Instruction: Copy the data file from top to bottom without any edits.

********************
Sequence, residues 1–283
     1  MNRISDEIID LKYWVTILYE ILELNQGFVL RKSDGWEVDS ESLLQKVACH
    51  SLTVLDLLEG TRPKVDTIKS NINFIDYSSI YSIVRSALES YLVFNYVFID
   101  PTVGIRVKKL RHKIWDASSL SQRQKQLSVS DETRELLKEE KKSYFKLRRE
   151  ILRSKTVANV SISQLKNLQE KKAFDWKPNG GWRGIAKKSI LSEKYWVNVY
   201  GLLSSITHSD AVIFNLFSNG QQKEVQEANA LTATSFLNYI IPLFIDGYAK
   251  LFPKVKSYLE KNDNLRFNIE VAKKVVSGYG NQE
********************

Sequence, residues 1–283
     1  MNRISDEIID LKYWVTILYE ILELNQGFVL RKSDGWEVDS ESLLQKVACH
    51  SLTVLDLLEG TRPKVDTIKS NINFIDYSSI YSIVRSALES YLVFNYVFID
   101  PTVGIRVKKL RHKIWDASSL SQRQKQLSVS DETRELLKEE KKSYFKLRRE
   151  ILRSKTVANV SISQLKNLQE KKAFDWKPNG GWRGIAKKSI LSEKYWVNVY
   201  GLLSSITHSD AVIFNLFSNG QQKEVQEANA LTATSFLNYI IPLFIDGYAK
   251  LFPKVKSYLE KNDNLRFNIE VAKKVVSGYG NQE